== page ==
posted by rainy at 10:18 PM on September 16, 2008

My gaggia machine cost me ~$150 (Amazon seems to occasionally put them on sale) and while it's not perfect, it makes some rather decent espresso. My burr grinder was something like $120 from starbucks and once again, it's not perffect, but I am happy with what it does for me. Keep in mind that unless you have some automated deal, maintaining your machines so that they make good stuff will require a certain level of anal retentiveness on your part.

I've had friends get some pretty sweet deals from craig's list on their machines (one got her pavoni that way), but all I ever came across were shitty steam driven machines people were trying to sell for way too much money.
posted by mandymanwasregistered at 10:56 PM on September 16, 2008

Plenty of people swear by the AeroPress but I'm glad I got mine for free because I think it makes insipid, undrinkable coffee. It does make coffee with a very distinct taste, and I ended up regifting mine to a friend who loves it, but I don't think it tastes even remotely like espresso. It just doesn't taste like drip coffee.
posted by aspo at 11:01 PM on September 16, 2008

Look for the Estro Vapore aka Saeco Vapore aka Starbucks Barista machine, used. Now and then they come up on craigslist for $30. Buy a non-pressurized portafilter for it. It's a decent machine especially once you replace that corny portafilter they come with. Buy the best grinder you possibly can.. these unfortunately never come cheap, but a good grinder will last a reeeeeally long time, and they have good resale value. You can do it within your $400 budget. Just put most of it into the grinder.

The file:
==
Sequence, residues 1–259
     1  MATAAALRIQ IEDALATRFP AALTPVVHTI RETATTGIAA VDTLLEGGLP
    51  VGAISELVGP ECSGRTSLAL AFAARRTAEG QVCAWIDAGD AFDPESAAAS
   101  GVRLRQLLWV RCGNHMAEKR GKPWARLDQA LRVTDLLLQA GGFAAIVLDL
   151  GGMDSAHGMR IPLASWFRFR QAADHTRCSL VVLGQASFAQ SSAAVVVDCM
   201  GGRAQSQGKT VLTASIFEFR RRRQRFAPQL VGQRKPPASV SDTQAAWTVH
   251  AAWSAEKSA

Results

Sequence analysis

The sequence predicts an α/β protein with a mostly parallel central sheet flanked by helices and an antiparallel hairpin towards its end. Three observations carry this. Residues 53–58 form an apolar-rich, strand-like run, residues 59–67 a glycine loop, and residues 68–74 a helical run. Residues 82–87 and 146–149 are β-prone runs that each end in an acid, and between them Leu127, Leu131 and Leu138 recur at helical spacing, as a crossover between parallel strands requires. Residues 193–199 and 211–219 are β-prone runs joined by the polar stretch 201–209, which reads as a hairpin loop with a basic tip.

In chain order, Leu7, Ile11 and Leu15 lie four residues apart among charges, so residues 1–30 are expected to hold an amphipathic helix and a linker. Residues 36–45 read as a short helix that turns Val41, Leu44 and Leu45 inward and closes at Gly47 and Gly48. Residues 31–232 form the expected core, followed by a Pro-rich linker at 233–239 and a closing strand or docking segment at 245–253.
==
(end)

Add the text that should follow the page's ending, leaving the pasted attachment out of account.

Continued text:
posted by jclovebrew at 12:46 AM on September 17, 2008

Do you plan to drink mostly lattes? Milk-based drinks - especially long ones - can be quite forgiving of the quality of the coffee they're made with. You can quite easily get away with mediocre espresso (but not outright bad - over or underextracted - espresso).

With this in mind, you could seriously do worse than get a bottom of the range nespresso machine (think they start from around £80 - £100 in the UK). The guts of the machines are pretty much the same from cheapest to most expensive, simply adding more bells and whistles (mostly milk frothing accoutrements and flashing lights) as the price goes up. If you don't want to steam milk though, you could definitely make do with the cheapest. The coffee you get from them is consistent - on the border between mediocre and acceptable. Certainly fine for a long latte made with flavoured syrup.
posted by bifter at 4:35 AM on September 17, 2008

Milk-based drinks - especially long ones - can be quite forgiving of the quality of the coffee they're made with.

this is painful but very true. anyway, let's not deny the poster his/her nice coffee: my advice to the poster is, listen to the guy who got his machine used on craigslist, if you patient and careful you can buy excellent, used pro hardware for a fraction of the cost, same for the grinder. 400 dollars is a more than decent budget for that, if you're not in a hurry.
posted by matteo at 8:44 AM on September 17, 2008

Seconding craigslist as a great resource for used machines and burr grinders! Here's a current listing from Toronto for example - $75 for a Starbucks Barista. Deals are out there!
posted by grippycat at 8:46 AM on September 17, 2008

Have you tried Turkish coffee? That's a hell of a lot easier to make.
posted by goethean at 10:01 AM on September 17, 2008